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Sri Lanka: The Bring Back Mahinda

Campaign Analysis

Sri Lanka's Mahinda Rajapaksa, File photo.

By Dr. S. I. Keethaponcalan-June 18, 2015

Sri Lankas former president Mahinda Rajapaksa was defeated by the
incumbent Maithripala Sirisena fair and square in the January 2015
presidential election. Yet, Rajapaksa is not convinced that he has lost the
election because he still retains overwhelming support within the Sinhala
community. Therefore, instead of retiring from active politics and enjoying
his retirement benefits, he continue to be in a state of semi-retirement.
Now, he seems to be coming out of the semi-retirement and engaging in
active politics. A couple of days back he declared that he will continue to
fight for his people, even if he is thrown into jail.

Opposition Leader?
Originally, Rajapaksa and his supporters wanted him to be appointed the
prime ministerial candidate of the United Peoples Freedom Alliance (UPFA)
in the forthcoming parliamentary election. This seems like a distant dream.
While retaining the demand, Rajapaksa now performs tasks of the
opposition leader, unofficially. He criticizes the president (and segment of)
the government headed by the United National Party (UNP). In a way, he is
performing an important task because, as of today, it is not clear who is the
real opposition leader. The Sri Lanka Freedom Party (SLFP) is in the
government, as well as the opposition. Recently, Rajapaksa criticized the
government for removing military camps and downsizing the military
presence in the Northern Province, the predominantly Tamil region. He will
continue this role until parliament is dissolved and fresh elections are held.
His strategies could change with the new election.
What does Rajapaksas active politics mean for him and the country?
Ideally, Rajapaksa would like to be the president. This became impossible
with the introduction of the 19th Amendment to the constitution. The
Amendment reintroduced the two-term limit. Within the legal framework of
the country, the best Rajapaksa could achieve is the premiership.
Rajapaksa supporters are organizing a series of meetings, the so called
bring back Mahinda rallies, to demonstrate that he has adequate support
within the Sinhala community to become the prime minister and to force
the president, the leader of the SLFP, to appoint him the prime ministerial
candidate. Now, it is clear that Rajapaksa openly encourages these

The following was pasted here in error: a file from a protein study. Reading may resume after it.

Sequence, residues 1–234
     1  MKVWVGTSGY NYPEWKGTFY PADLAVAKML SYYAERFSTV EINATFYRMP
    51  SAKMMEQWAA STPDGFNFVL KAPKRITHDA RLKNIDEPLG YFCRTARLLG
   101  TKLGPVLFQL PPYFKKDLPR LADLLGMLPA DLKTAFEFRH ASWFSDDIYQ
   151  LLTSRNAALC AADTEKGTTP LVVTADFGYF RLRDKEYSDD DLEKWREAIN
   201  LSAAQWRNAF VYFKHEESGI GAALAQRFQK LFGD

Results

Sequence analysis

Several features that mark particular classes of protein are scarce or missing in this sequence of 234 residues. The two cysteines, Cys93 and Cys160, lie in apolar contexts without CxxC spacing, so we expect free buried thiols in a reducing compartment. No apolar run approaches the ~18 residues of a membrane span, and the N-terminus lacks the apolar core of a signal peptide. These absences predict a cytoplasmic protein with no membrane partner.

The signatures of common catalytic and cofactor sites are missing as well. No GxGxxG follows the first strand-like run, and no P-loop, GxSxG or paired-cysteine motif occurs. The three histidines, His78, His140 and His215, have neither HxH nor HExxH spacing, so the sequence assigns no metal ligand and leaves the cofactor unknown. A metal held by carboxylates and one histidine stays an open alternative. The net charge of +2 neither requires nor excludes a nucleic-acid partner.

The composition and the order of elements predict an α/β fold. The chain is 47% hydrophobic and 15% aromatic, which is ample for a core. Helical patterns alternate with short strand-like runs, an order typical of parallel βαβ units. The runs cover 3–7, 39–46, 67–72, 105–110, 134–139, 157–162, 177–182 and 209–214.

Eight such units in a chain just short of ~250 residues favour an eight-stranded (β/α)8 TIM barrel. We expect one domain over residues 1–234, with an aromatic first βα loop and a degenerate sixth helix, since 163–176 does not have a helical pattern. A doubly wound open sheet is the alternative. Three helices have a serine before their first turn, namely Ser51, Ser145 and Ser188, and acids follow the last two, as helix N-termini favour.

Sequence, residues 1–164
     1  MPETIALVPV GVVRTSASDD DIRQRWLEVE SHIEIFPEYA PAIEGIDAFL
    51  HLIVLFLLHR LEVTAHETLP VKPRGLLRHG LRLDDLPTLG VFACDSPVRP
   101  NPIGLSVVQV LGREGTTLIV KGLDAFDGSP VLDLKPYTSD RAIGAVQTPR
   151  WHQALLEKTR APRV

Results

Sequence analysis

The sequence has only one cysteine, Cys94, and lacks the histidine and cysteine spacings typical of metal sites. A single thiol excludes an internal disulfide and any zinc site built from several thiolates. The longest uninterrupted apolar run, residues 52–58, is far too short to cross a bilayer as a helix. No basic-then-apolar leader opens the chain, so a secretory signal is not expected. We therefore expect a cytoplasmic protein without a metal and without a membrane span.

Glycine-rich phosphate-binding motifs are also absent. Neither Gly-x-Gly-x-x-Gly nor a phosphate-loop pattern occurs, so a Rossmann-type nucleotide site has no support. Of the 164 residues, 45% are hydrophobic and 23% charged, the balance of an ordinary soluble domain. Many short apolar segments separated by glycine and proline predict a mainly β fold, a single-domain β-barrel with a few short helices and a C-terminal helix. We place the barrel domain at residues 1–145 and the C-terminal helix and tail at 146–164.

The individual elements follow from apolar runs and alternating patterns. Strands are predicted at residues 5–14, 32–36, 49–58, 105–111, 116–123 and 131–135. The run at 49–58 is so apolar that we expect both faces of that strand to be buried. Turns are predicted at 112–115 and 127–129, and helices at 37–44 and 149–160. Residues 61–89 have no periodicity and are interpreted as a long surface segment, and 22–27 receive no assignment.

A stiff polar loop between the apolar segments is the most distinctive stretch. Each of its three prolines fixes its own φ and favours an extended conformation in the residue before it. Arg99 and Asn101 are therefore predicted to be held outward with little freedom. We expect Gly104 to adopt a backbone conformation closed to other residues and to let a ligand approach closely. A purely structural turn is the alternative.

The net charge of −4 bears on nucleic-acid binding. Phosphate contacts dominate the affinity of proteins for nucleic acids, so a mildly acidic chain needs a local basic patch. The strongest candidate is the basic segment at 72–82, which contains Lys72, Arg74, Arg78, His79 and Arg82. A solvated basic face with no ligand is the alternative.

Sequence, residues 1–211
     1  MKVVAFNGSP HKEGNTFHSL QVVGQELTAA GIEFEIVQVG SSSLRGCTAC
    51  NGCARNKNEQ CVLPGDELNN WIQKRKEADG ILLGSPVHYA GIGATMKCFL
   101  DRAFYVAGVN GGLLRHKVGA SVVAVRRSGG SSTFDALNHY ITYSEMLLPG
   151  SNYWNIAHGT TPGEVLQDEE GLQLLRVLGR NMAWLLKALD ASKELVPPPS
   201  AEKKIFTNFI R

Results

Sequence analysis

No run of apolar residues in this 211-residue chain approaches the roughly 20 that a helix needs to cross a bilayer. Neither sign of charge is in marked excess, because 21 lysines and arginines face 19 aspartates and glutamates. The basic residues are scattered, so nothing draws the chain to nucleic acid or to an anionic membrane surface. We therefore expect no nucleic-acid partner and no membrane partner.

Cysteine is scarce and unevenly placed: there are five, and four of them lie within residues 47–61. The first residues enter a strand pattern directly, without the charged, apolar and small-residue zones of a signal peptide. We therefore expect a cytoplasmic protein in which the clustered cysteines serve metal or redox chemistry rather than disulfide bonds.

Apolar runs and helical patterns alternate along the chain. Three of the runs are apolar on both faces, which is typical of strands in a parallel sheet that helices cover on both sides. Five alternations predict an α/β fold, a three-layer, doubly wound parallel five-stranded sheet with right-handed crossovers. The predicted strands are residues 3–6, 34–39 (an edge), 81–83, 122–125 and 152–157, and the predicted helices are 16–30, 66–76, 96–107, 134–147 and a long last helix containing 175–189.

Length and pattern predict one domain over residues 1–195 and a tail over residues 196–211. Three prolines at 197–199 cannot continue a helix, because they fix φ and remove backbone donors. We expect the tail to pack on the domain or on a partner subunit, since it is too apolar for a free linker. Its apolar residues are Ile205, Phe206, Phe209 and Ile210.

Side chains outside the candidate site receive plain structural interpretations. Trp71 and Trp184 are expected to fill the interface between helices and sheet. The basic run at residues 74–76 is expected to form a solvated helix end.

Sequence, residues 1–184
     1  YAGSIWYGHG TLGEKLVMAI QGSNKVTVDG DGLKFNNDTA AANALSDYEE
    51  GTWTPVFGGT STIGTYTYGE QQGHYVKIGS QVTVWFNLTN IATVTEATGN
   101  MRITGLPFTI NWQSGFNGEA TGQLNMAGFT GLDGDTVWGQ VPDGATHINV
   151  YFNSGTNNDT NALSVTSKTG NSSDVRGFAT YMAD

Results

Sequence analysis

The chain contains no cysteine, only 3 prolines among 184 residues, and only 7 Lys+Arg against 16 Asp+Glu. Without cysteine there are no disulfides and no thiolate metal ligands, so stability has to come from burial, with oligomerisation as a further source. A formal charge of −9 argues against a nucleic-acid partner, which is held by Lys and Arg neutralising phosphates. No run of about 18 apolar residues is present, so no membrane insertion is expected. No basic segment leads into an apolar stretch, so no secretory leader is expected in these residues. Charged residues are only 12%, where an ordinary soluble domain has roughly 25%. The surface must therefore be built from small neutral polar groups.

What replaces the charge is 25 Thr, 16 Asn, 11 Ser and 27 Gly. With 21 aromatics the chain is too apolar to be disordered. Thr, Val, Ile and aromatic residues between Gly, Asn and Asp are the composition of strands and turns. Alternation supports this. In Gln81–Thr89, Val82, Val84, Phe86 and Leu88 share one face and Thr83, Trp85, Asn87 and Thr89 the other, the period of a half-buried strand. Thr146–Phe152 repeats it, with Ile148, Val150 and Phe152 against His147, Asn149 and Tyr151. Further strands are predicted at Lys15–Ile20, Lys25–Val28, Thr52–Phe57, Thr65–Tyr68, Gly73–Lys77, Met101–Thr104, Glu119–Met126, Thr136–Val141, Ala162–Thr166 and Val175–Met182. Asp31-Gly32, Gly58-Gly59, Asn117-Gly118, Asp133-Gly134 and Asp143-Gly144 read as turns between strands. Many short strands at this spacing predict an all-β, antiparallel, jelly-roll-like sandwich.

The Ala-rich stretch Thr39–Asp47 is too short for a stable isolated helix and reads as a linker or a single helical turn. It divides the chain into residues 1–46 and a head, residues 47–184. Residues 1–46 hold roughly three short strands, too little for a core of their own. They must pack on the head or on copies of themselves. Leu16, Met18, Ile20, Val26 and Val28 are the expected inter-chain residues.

Peace Talks
Defying orders of the present leadership of the party, an increasing number
of SLFP parliamentarians are attending the Rajapaksa meetings. It is
reported that more than 70 parliamentarians from the UPFA attended the
Matara rally. Most of them should be from the SLFP. This clearly
demonstrates the challenges President Sirisena faces in retaining complete
control over his party. The Rajapaksa rallies and demonstrations also place
Sirisena under tremendous pressure.

Succumbing to this pressure, Sirisena met Rajapaksa for a peace talk.

Insiders say, Rajapaksa demanded the premiership.
A significant aspect of the meeting was that it imparted the impression that
two equal parties were meeting. For example, a round table was used for
the talks. It is not clear whether the use of a round table was accidental
or demanded by the former president. This author wouldnt be surprised if it
was indeed demanded by the Rajapaksa group. The shape of the table has
a meaning in relation to the status of the parties that are meeting. If it was
intentional, Rajapaksa still believes that he is equal to the president of the
country. This author is also not sure if Rajapaksa ever treated former
president Kumaratunga as an equal after he became the president.
The Rajapaksa-Sirisena meeting produced no results. It however, elevated
the status and confidence of the former president. Rajapaksa was supposed
to be a mere retired president; not a political heavy-weight. Rajapaksas
criticism of the president and the government have become vocal in the
post-meeting period. Now, the president has appointed a committee to
coordinate with Rajapaksa. This confirms the significance of the Rajapaksa
factor as he cannot be simply ignored. Instead of taking on the Rajapaksa
challenge, President Sirisena seems to be exposing his weaknesses. This
will further embolden the former president and will further elevate his